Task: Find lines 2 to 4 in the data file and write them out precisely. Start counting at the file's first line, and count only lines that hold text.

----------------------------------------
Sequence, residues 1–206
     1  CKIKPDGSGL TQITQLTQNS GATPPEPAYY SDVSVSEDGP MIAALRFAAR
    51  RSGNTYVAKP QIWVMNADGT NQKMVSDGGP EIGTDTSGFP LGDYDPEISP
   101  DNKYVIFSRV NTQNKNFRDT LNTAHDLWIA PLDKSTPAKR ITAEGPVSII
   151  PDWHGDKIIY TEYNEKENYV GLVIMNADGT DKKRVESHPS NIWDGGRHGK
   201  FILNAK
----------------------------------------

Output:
     1  CKIKPDGSGL TQITQLTQNS GATPPEPAYY SDVSVSEDGP MIAALRFAAR
    51  RSGNTYVAKP QIWVMNADGT NQKMVSDGGP EIGTDTSGFP LGDYDPEISP
   101  DNKYVIFSRV NTQNKNFRDT LNTAHDLWIA PLDKSTPAKR ITAEGPVSII